New 16-Pad Drum Sampler For iOS, Sitala

Decomposer has just released a full-featured version of their Sitala sampler for the iPad and iPhone, for beat-making on mobile devices.

Sitala is a 16-pad drum sampler that includes a free 808 kit, a handful of controls to shape the sound of each sample, beat slicing, automatic silence detection and trimming and a bunch of other stuff. DJ Fresh recently called it, “The state of the art in break-slicing.”
https://youtu.be/_KYDZ0lAkoA

On iOS, Sitala can be used either as an AudioUnit plugin for GarageBand, Cubasis, AUM, AudioBus or any other music creation app that supports Apple’s AudioUnits. Sitala developers commented that “[t]his is a big deal since GarageBand’s default drum instrument doesn’t let you swap out the samples at all. It’s also possible to use as a standalone for finger drumming or driven by a MIDI controller (Bluetooth or USB-on-the-go).”

The new iOS version of Sitala has all of the features of the desktop version and also introduces a special-for-iOS sample browser that lets the user quickly browse whole directories of samples rather than having to import each sample individually. This has only been possible since iOS 14, and developers say that Sitala is the only sampler to date on iOS that can do this.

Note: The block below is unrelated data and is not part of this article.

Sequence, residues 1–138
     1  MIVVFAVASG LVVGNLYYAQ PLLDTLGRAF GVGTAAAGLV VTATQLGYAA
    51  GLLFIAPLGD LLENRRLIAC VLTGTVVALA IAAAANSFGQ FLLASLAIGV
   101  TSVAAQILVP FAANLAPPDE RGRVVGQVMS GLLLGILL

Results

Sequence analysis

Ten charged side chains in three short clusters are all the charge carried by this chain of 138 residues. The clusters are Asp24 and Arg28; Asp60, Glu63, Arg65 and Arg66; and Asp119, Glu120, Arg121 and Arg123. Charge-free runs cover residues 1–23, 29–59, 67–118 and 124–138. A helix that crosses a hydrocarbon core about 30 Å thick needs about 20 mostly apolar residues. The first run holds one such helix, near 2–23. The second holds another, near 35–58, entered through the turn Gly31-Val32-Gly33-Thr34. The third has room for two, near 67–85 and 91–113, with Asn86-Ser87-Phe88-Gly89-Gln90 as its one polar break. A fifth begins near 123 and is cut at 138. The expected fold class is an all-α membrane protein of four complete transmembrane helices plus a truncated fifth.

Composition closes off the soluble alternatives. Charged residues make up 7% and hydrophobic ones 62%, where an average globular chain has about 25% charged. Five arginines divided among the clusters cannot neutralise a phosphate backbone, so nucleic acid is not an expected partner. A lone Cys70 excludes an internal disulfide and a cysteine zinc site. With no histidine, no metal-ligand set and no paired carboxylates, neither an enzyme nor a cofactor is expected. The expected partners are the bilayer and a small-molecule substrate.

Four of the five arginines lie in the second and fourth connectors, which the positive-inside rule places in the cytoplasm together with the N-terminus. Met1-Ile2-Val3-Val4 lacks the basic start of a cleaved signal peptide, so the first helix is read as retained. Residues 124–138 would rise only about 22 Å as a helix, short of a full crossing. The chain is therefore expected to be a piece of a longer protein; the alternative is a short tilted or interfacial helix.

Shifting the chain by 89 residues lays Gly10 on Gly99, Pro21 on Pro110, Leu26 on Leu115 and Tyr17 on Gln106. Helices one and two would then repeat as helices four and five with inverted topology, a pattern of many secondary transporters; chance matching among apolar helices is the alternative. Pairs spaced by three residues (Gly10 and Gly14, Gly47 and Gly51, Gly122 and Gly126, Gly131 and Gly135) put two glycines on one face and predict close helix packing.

The iOS version also moves to a MPC-style 4-by-4 grid of sample pads (unlike the Roland-style layout of the desktop version), “since that makes more sense for the iPad and iPhone layouts.”

Pricing and Availability.

Sitala is available now in the Apple App Store for $4.99 US until the end of June (price is usually $9.99).

The desktop version of Sitala remains free and is available on the Decomposer website.

4 thoughts on “New 16-Pad Drum Sampler For iOS, Sitala

  1. It’s nice to be able to load a batch of samples fast. The tone control is pure design genius. As you turn the knob it changes functions with LP, HP, mid bump and the display shows you what it is doing through it all. The ability to map MIDI controls to the tone function means that you can get some cool effects. It’s not clear if velocity can be mapped. I need to check that.

    I wish it had separate fade-in and fade-out. I also wish that it had fade shape that went from exponential, logarithmic, and s-curve– perhaps using one knob S-curve– morphing to exponential– morphing to linear — morphing to log– the back to s-curve (left to right)

    1. Sorry about the confustion – it’s bean out as a free Mac app for a while and is now available as a commercial iOS app.

      We updated the post to make this more clear!

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